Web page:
Research group warns of unregulated loot box & skins gambling markets

Research group Juniper Research has this week published a study forecasting that loot boxes and skin gambling could grow to be a $50bn industry by the year 2022.

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The research was conducted my the specialised research group, Juniper research. © Juniper Research.

The industry is already huge, with current spending around $30bn per year.

But, the two rapidly growing sectors could be set to grow by 60% over the next four years, as developers seek to capitalise on the increased levels of young people gambling across new, emerging markets.

The research also highlighted the unregulated nature of the current skins and loot boxes gambling market, something which should be of concern to regulators across the world.

Currently, players often use skins as a type of virtual currency, but there are also many online platforms that enable them to be sold or traded online for real money, or to be wagered against the outcomes of e-sports events or casino-style games.

Multiple platforms exist that enable this trading.

Lauren Foye, the author of the research paper at Juniper Research, explains further:

Skins are acquired both through playing video games and from opening purchased loot boxes. These items have value depending on rarity and popularity within game communities. On PCs, skins are traded for real money via Steam’s ‘Marketplace’; the platform has 125 million registered users globally.Lauren Foye, Senior Anaylst at Juniper Research

The outcome of this – the linking of these skins to a platform like Steam where they can be bought, sold, or wagered against – is essentially an unregulated gambling market, which Juniper research says should be a major concern to regulators.

Although these findings should be nothing new to stakeholders. In 2016, a class action lawsuit was issued against Valve, the creators of the Counter Strike: Global Offensive video-game.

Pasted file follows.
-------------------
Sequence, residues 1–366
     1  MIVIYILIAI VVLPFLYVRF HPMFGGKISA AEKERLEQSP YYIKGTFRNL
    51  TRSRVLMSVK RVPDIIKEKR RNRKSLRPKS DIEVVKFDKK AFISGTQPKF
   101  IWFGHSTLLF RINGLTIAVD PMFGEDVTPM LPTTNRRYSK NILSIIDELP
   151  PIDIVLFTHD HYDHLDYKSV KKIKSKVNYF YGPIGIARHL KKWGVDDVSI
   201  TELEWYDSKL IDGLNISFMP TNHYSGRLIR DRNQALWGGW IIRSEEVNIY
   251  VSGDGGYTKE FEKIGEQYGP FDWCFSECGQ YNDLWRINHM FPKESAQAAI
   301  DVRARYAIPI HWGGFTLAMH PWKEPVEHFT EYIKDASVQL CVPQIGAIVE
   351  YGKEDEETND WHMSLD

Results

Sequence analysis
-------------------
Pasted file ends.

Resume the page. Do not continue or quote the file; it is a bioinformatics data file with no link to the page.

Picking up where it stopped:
The lawsuit claimed that Valve had knowingly and intentionally created and supported illegal gambling by allowing users to link their Steam accounts to the third-party websites that facilitate the trading and betting of skins and thereby profits directly from gambling.

There has also been much political and legal debate surrounding skins and loot boxes and skins in recent months.

Governments appear unwilling to class loot boxes and skins as gambling

Loot boxes are purchasable packs in video-games that contain desirable items often essential to progress or completion in said game. Skins are cosmetic additions to in-game features, such as weapons.

While video game developers have been offering more and more loot boxes in a bid to strip players from their cash, they have also gained significant political attention.

Recently, Australia issued guidelines for loot boxes on the website of its Office of the eSafety Commissioner. While not officially classifying loot boxes and skins as a form of gambling, they did inform of the dangers of gambling with them and highlighted the country’s thoughts towards skin betting and loot boxes.

In the UK, the Gambling Commission has stated it is unable to officially classify loot boxes as gambling, as they do not currently offer an in-game cash out function.

Currently then, no government has strictly defined the two as gambling nor looked at regulating the growing market for skin betting and trading.

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